August 13, 2015
Dear Your Majesty,
My name is James Conrad. I am a native citizen of the United States of America with a strong connection to Commonwealth of Nations under the Crown of Great Britain, as my mother was born in Montreal, Quebec to a Canadian father and an English mother.
It is with that last point in mind that I write to inform you of distressing and appalling matters that are being aided and abetted by several Commonwealth realms and British Overseas territories including Anguila, the Cayman Islands, the British Virgin Islands, the Monarchies of Antigua and Barbuda, St. Christopher and Nevis, Barbados and the Bahamas. Considering the urgency of this situation, I have decided to endeavor to publish this letter in a number of media outlets, as I fear that if I mailed it to Buckingham Palace, it would only end up buried under the countless letters that you and the rest of the Royal Family receive.
According to Forbes magazine, as of March 2015, a study conducted by the United States Public Interest Group Education Fund and Citizens For Tax Justice found that over 70 per cent of the Fortune 500 companies, including Microsoft, Apple and Google have salted away $2.1 trillion in offshore tax shelters, with an appreciable bulk of the wealth being kept in the aforementioned countries, posing an annual expense of $90 billion to the U.S. taxpayers.
Meanwhile, the infrastructure of the United States is crumbling. The richest 10 per cent of the U.S. population controls 75 per cent of the monies in the U.S., whilst the remaining 25 per cent of the wealth is divided among the other 90 per cent of the population. Funding has been cut for health care, education, veterans’ affairs and other important social programs. Despite the attempt on the part of the United States to present herself as a civilized nation, people in several of her more important cities including but not limited to New York, Detroit, Oakland, San Francisco, Baltimore, Philadelphia, Cleveland, and Chicago live in abject poverty.
Because of the short shrift given to U.S. veterans by said country’s government, many of those soldiers are committing suicide at a rate of 22 per day, which means that in 2012, there were more veteran suicides than combat fatalities. Furthermore, considering the high divorce and incarceration rates in the U.S., both of which lay the groundwork for dire poverty, the 2013 Well-Being of Adolescents in Vulnerable Environments Study, surveying youth from fifteen to nineteen years of age in impoverished sections of Ibadan, Nigeria; New Delhi, India; Shanghai, China; Johannesburg, South Africa and Baltimore, Maryland found that teenagers in Baltimore reported feeling a great deal less social support in their community than those in New Delhi and Shanghai,and reported witnessing a higher level of violence in their communities than in Ibadan, Shanghai and New Delhi.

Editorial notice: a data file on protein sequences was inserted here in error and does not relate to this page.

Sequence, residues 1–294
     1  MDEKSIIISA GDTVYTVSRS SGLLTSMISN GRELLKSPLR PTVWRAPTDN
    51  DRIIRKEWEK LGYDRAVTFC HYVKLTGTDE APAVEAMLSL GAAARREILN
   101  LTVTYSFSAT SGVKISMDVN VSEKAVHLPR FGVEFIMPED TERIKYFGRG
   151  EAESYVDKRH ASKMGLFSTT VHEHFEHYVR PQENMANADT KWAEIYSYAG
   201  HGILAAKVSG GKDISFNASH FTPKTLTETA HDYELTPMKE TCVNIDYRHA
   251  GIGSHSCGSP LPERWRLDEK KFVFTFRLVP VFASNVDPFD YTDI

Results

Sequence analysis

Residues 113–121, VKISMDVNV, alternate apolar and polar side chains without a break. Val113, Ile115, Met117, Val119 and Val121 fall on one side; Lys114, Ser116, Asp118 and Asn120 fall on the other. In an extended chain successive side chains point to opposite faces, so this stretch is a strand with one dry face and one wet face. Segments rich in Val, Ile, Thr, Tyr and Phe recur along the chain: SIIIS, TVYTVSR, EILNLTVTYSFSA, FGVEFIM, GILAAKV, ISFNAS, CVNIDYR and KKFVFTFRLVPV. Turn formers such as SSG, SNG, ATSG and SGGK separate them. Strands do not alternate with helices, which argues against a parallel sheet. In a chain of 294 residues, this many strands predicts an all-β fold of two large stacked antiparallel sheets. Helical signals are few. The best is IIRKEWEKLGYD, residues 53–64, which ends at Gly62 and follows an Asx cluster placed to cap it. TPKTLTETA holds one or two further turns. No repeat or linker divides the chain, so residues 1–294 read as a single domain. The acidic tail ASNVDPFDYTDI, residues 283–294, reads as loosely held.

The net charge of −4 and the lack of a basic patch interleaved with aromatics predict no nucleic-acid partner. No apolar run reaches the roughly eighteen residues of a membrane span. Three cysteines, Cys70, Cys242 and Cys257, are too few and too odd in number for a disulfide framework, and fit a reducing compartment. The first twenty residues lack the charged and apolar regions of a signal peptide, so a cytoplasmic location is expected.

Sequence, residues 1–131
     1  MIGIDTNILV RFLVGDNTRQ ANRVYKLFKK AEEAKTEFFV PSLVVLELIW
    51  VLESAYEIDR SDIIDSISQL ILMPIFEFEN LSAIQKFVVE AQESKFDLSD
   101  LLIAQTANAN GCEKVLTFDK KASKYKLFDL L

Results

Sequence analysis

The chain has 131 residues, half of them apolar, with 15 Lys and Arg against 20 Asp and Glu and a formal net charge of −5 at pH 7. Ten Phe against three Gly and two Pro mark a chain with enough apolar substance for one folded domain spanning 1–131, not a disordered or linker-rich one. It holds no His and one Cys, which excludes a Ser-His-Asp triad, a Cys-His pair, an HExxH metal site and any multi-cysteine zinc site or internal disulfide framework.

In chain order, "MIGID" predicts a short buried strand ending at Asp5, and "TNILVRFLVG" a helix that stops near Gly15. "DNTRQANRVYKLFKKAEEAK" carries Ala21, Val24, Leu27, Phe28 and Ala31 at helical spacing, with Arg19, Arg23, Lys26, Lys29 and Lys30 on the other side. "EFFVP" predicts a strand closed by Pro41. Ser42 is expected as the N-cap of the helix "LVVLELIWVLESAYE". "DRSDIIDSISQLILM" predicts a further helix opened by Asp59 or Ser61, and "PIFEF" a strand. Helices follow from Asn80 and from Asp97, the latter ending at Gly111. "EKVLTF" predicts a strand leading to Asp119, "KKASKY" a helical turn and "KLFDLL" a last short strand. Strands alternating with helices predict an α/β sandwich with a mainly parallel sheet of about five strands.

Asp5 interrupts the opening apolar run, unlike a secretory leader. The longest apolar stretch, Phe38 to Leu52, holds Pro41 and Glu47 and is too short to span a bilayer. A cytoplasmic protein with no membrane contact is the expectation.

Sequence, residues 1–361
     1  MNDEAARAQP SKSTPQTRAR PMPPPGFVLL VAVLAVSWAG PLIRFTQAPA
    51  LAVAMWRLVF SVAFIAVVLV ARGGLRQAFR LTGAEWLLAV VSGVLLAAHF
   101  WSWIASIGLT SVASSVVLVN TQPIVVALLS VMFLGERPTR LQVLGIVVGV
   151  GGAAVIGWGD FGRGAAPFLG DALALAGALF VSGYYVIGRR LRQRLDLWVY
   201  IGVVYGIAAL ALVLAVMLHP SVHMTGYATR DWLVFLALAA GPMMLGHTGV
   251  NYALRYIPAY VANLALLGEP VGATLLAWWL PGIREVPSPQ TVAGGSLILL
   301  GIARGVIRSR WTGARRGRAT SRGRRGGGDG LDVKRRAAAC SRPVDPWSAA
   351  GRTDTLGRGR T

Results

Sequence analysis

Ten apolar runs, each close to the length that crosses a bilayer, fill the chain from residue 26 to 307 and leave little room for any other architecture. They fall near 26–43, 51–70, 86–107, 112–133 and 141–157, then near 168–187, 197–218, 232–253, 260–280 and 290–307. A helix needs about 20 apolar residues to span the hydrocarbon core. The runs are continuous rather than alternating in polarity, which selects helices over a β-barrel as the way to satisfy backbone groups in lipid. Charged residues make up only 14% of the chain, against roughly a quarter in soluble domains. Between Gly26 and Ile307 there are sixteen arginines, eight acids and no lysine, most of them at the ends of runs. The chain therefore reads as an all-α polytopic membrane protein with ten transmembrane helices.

With all of the above in mind, Jeffrey Sachs, the author of the book The End of Poverty calculated that ending poverty worldwide could be done in 20 years at an annual cost of $175 billion, which represents less than one percent of the combined income of the richest countries in the world. Furthermore, putting money toward ending poverty at least in the United States would not only strengthen her economy as more money would be circulating through it, but would do the same for the rest of the world, as the recent economic crisis in the United States, more or less caused by wealthy laissez-faire capitalists who want to keep as much money to themselves and take more than they give had a detrimental effect of the economies of other nations in the world.
With that in mind, a good start would be to scale back or possibly end the glorified fraud in the form of offshore tax havens in the British Commonwealth realms and Overseas Territories in the Caribbean, since that money could and should be put to better use.
James Geoffrey Parfitt Conrad
Featured image via The Queen’s School 6th Form